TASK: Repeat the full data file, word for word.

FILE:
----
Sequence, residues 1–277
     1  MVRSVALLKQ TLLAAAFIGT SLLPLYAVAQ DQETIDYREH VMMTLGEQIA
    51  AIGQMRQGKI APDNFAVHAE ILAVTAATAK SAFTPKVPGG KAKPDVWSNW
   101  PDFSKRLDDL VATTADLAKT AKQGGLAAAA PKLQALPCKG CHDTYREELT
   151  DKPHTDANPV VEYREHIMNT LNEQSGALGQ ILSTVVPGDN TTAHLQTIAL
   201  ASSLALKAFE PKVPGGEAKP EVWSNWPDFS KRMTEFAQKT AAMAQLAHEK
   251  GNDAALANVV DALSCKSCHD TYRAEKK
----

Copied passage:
Sequence, residues 1–277
     1  MVRSVALLKQ TLLAAAFIGT SLLPLYAVAQ DQETIDYREH VMMTLGEQIA
    51  AIGQMRQGKI APDNFAVHAE ILAVTAATAK SAFTPKVPGG KAKPDVWSNW
   101  PDFSKRLDDL VATTADLAKT AKQGGLAAAA PKLQALPCKG CHDTYREELT
   151  DKPHTDANPV VEYREHIMNT LNEQSGALGQ ILSTVVPGDN TTAHLQTIAL
   201  ASSLALKAFE PKVPGGEAKP EVWSNWPDFS KRMTEFAQKT AAMAQLAHEK
   251  GNDAALANVV DALSCKSCHD TYRAEKK